No Deaths, a Dozen Injured, Tea Factory Damage Minor
Guwahati | Assam
A strong earthquake followed by several aftershocks rattled rafters and nerves on April 28 but caused only minor damage to tea processing factories throughout the region. Several estates reported damage to outbuildings and dwellings for workers. There were 12 injuries, none life-threatening, following the 30-second shake at 7:51 am April 28.
The quake was felt throughout northeaster Assam, parts of Bihar, West Bengal, and Bangladesh. Damage was reported within a 100-kilometer radius in Sonitpur, Nagaon, and Guwahati.
“We were lucky to have got away with no injuries to employees and their dependents from member gardens,” said Bhupinder Singh, chairman of the Assam Branch India Tea Association (ITA) Zone 3.
A hill collapsed in Bhirabkund in the Udalguri district due to soil liquefaction caused by the quake and area residents were warn to be wary of land slides and damage to local bridges.
“The high-intensity earthquake early Wednesday caused damage to houses and buildings with people running out of their homes and other places in panic, obliterating social distancing and other COVID guidelines amid a raging pandemic. The massive quake has caused only light damage to buildings and there have been no fatalities reported,” writes Prof. T.G. Sitharam, director of IIT Guwahati and president of the Indian Society for Earthquake Technology.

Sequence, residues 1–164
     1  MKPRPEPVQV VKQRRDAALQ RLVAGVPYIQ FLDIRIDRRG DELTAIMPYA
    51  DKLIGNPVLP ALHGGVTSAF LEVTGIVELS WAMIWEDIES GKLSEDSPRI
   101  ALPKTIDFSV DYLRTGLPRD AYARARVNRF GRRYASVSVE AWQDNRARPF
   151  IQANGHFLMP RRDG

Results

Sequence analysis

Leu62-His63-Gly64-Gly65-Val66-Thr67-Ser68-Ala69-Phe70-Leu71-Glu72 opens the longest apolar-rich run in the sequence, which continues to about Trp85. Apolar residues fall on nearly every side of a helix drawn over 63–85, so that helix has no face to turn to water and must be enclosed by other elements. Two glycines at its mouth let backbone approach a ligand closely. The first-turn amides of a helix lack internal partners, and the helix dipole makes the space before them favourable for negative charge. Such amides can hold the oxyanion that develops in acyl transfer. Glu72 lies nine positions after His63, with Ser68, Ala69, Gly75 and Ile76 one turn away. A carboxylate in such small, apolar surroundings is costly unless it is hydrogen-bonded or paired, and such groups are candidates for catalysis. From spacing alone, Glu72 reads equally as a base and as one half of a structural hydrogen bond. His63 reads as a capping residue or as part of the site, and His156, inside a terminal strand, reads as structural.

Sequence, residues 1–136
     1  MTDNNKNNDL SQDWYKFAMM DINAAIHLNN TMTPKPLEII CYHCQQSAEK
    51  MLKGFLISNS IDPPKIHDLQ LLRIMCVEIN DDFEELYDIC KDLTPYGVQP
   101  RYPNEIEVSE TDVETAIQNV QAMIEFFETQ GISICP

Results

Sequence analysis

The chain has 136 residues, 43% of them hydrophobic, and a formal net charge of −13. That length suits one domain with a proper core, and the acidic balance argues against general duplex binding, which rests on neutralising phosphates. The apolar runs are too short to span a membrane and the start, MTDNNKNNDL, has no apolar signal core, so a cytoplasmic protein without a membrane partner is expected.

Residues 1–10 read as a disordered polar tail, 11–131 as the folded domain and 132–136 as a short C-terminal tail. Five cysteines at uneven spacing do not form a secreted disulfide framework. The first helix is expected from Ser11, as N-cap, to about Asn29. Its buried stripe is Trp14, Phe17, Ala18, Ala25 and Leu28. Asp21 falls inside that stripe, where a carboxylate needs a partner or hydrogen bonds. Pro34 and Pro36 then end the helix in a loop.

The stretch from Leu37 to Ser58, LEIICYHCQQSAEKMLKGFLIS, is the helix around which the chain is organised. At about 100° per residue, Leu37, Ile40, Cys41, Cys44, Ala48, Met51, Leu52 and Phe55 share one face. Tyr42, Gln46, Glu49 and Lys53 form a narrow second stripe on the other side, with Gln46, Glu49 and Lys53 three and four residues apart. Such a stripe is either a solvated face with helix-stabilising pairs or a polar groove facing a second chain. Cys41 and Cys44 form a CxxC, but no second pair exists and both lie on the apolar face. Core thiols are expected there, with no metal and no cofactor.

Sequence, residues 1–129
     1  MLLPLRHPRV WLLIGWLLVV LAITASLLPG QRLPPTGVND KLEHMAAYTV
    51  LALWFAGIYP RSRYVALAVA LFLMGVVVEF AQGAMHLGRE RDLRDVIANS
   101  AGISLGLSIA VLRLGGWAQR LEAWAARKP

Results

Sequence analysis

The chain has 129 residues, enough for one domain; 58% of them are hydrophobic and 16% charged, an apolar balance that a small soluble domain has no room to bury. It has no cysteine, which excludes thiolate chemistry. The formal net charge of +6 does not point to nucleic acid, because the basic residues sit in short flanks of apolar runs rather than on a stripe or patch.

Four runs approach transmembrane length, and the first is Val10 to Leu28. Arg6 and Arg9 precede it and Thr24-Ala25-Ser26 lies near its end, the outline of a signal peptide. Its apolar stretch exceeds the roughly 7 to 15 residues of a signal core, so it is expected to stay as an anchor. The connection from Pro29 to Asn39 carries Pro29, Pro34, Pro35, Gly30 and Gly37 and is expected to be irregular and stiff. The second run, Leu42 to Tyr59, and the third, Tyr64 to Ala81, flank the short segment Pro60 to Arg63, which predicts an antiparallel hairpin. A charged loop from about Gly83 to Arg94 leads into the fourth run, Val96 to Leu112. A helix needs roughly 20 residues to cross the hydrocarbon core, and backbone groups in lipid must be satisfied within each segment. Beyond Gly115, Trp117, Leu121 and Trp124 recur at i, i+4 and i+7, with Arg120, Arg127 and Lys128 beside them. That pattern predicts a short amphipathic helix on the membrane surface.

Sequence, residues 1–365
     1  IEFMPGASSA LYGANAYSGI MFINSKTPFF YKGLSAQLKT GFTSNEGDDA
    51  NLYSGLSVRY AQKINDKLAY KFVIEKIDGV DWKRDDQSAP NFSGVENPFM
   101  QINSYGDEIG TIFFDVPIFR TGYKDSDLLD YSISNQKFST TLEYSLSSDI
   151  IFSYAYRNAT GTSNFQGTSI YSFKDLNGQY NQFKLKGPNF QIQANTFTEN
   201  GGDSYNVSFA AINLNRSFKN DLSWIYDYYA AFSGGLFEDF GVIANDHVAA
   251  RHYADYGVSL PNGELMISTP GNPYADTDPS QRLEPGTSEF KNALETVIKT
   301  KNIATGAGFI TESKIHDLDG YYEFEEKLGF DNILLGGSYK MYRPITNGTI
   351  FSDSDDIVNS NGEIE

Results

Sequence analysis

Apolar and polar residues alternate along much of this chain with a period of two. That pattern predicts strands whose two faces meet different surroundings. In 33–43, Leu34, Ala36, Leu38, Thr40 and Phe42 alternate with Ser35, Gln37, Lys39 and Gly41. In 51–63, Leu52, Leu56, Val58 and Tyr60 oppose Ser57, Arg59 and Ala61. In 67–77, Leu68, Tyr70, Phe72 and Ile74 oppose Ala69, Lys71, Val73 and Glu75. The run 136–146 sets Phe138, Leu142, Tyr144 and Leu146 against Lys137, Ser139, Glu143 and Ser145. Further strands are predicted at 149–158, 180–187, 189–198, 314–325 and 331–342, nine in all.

The heritage bungalow at Durrung Tea Estate “stood firm and intact,” said Mrityunjay Jalan. At Kopati Tea Estate, Rohit Pareek said he was in the factory at the time of the quake “when everything started shaking for a good 30 seconds. Jolts were so massive that the ceiling of our packet tea house cracked immediately and we rescued our workers. There were aftershocks for one hour and when it calmed we started our factory
The National Centre for Seismology put the epicenter of the quake near Sonitpur, a “very seismically active area” along the Kopili Fault. The Kopili is a strike-slip fault aligned from northwest to southeast. The quake originated 17 kilometers underground and 43 kilometers west of Tezpur.
During the first 48 hours there were 15 aftershocks measuring 2 to 4.9 on the Richter Scale. The quake caused many fissures, exposing liquified soil within a radius of 50-70 kilometers.
Every year the Indian Plate moves roughly 5 centimeters northward, pushing under the Eurasian Plate and forming the Himalayas. The Seven Sisters (Assam, Meghalaya, Mizoram, Tripura, Nagaland, Arunachal Pradesh and Manipur) are considered by seismologists to be the sixth most earthquake-prone belt in the world.
The region’s last major quake, in July 1960, measured 6.0. The epicenter of a 5.9 quake in November 2011 was in Myanmar about 130 km from the city of Imphal, capital of the sate of Manipur. The region experienced two of its worst earthquakes in 1897 and 1950. 1897 quake measured 8.0 and Each killed 1500. The magnitude 8.6 quake in August 1950, with an epicenter in Arunachal Pradesh, killed an estimated 4,800.
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